Motivation – get your people moving
We’ve all heard about McGregor’s X and Y managers, Maslow’s pyramid, and Herzberg’s hygiene factors (and if you haven’t, you can read all about them here, here and here). Not to say their day is done and over with. After all, trusting people, addressing basic needs before higher ones, and knowing that your people will take some things for granted (such as salary) are still reasonably fundamental truths. All three of those models are excellent foundations for an understanding of what gets people motivated at work.
But what’s new? Or, at the very least, what’s happened since the 1960s?
Dan Pink’s Drive
In Drive: The Surprising Truth About What Motivates Us, Dan Pink places the emphasis on the relationship between people and their boss. Seems reasonable. It also seems a little like McGregor in that it suggests that ‘command & control’ management is out of date and better results can be achieved with the carrot and not the stick. He also believes that the ‘if-then’ transactional approach to management (i.e. ‘if you do that, then I’ll give you this’) is limited in its effectiveness; it’s a fine approach for simple and/or technical tasks, but for more creative working Pink’s 21st century spin describes motivation in terms of a neat 3-strand model; namely:
Autonomy – Find ways to give staff control over their own schedule, and confine ‘management’ to monitoring whether work is getting done, allowing more freedom over how it is done.
Mastery – Create opportunities for people to improve their skills and collaborate with them in monitoring and measuring their progress.
Purpose – Ensure people know that their role matters – don’t just tell them what to do, tell them how it links back to a wider purpose.
In other words, create more autonomy, give people an opportunity to hone their skills, provide a clear direction, and watch the results improve.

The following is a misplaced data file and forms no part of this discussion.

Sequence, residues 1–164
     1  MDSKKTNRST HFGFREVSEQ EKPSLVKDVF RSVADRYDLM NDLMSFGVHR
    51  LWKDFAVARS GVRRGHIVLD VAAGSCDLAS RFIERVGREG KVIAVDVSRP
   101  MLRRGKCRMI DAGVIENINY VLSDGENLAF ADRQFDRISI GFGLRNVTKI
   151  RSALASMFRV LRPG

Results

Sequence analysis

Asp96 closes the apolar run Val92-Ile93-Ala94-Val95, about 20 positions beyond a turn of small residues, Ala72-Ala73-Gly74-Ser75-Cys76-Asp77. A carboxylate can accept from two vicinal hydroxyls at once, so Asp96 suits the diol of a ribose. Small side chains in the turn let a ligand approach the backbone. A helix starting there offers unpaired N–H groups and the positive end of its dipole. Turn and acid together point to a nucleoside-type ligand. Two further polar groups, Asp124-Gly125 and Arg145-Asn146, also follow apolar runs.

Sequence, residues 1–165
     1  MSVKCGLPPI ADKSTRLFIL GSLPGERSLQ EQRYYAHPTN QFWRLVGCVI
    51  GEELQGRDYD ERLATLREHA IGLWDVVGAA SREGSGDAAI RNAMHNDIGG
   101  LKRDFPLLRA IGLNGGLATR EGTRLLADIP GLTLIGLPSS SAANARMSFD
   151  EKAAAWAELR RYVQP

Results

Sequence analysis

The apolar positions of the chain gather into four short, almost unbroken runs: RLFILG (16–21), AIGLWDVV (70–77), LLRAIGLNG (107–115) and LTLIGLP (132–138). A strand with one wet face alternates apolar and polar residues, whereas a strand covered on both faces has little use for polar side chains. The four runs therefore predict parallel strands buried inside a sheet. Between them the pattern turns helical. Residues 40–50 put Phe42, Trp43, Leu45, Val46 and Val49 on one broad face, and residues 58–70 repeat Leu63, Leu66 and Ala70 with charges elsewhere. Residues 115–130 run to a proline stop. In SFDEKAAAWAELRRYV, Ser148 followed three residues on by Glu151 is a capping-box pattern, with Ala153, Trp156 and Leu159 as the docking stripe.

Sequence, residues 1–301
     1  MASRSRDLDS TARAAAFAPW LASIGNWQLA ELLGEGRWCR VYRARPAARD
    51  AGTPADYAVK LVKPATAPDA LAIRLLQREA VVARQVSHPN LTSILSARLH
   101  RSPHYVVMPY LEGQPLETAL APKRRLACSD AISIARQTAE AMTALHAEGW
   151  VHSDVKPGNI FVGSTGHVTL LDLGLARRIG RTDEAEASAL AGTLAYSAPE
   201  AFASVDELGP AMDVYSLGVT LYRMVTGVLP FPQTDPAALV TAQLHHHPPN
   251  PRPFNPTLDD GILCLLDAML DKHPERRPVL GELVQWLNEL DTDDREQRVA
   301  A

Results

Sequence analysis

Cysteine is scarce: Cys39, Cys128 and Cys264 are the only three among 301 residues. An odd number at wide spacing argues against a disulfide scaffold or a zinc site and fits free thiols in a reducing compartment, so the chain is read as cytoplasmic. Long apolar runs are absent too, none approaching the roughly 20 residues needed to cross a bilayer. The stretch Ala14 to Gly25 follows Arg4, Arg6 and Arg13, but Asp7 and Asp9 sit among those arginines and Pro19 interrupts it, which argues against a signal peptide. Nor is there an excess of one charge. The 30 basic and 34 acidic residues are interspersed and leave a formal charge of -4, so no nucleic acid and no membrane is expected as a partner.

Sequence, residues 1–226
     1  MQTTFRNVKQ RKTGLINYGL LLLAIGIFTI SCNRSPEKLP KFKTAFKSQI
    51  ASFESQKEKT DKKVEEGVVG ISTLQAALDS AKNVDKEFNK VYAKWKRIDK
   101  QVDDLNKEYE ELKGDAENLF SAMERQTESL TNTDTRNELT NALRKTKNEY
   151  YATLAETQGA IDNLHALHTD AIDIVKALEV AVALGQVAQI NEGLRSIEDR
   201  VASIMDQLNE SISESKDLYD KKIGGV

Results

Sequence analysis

Self-Determination Theory (SDT)
Resulting from modern research (well, it was established in the 1980s but studies have continued into the 21st century), SDT focuses on the motivators that come from within a person. Interestingly, this model actually contradicts the old favourite, Maslow’s pyramid. Maslow posited that lower level needs (e.g. food and shelter) must be satisfied before a person might be motivated by the opportunity to meet higher level needs (e.g. fulfilling their potential). SDT indicated just three core psychological needs for the modern manager or leader to bear in mind:
Autonomy – People have a need to feel in control, to have some choices over what they do and how they do it. So, broaden people’s options and appeal to their own values and drivers rather than the basic, ‘do X in exchange for Y’ or even ‘do X or else’ approaches.
Relatedness – A sense of connection is a deep-rooted need, to care about and be cared for by others. In the workplace, this leads to creating a sense of community/team spirit and of working towards some meaningful goal or larger purpose.
Competence – Nobody enjoys feeling unskilled or at a loss in their job. Not only is there a basic desire for competence but people want that competence to grow over time. In other words, create and support opportunities for learning and personal growth.
Again, not necessarily a paradigm shift but along with Pink’s drivers (these two perspectives on motivation are quite compatible) SDT can offer a more modern viewpoint on motivating your team.